Among its more recent acquisitions, the Museum is fortunate in having a group of the Graeco-Buddhist sculpture found in the Northwest of India and known as Gandhara. It represents the Greek Invasion of India following Alexander’s campaign in 328-324 B. c. The art of Greece took hold of the ideas and manners of Buddhism and in the district of Gandhara in the Northwest on the banks of the Indus near Peshawar established a School of Sculpture that reveals in its surviving examples the twofold influence under which it worked. In the five examples that follow, the characteristic form and style of the school will appear.

Figure of standing Gandharan Buddha with hands broken off and round halo behind the head
Plate XX — Figure of the Buddha. Gandhara. Height 32 inches.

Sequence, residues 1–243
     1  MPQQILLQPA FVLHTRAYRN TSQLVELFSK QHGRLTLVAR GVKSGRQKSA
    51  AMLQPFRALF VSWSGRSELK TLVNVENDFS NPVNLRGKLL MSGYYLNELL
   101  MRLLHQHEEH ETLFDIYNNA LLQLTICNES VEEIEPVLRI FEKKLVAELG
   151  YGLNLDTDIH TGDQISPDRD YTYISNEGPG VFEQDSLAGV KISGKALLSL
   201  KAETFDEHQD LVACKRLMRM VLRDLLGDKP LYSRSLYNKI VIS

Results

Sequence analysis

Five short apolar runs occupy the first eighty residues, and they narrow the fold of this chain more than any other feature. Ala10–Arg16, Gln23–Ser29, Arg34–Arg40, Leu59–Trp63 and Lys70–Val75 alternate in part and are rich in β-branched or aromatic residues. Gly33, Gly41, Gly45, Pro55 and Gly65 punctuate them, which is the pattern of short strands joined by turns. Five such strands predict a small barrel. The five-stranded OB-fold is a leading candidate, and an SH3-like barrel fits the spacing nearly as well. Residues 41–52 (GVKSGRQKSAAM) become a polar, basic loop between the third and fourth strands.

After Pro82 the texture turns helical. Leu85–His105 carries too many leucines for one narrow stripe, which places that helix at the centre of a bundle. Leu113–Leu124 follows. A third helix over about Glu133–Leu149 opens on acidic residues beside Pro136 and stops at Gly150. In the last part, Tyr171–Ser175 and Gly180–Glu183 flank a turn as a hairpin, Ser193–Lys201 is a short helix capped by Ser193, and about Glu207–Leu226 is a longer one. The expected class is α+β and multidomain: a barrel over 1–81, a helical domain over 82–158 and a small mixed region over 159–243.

Museum Object Number: 29-68-1
Head of Gandharan Buddha with ushnisha, urna, and elongated earlobes. Front view
Plate XXI — Head of the Buddha. Gandhara. Height 9 inches.
Museum Object Number: 29-88-2
Image Numbers: 2220 – 2223
Head of Gandharan Buddha with ushnisha, urna, and elongated earlobes. Profile view
Plate XXII — Profile. Head of the Buddha shown in Plate XXI.
Museum Object Number: 29-88-2
Image Numbers: 2220 – 2223
Head of Gandharan Buddha with ushnisha. Front view
Plate XXIII — Head of the Buddha. Gandhara. Height 16 inches.
Museum Object Number: 29-88-1
Image Number: 2344
Head of Gandharan Buddha with ushnisha, urna, and very elongated earlobes. Front view
Plate XXIV — Head of the Buddha. Gandhara. Height 20 inches.
Image Number: 215401
Stone frieze of two squatting figures
Plate XXV — Group of Sculpture. Gandhara. Size 6 x 11 1/2 inches.
Museum Object Number: 29-68-3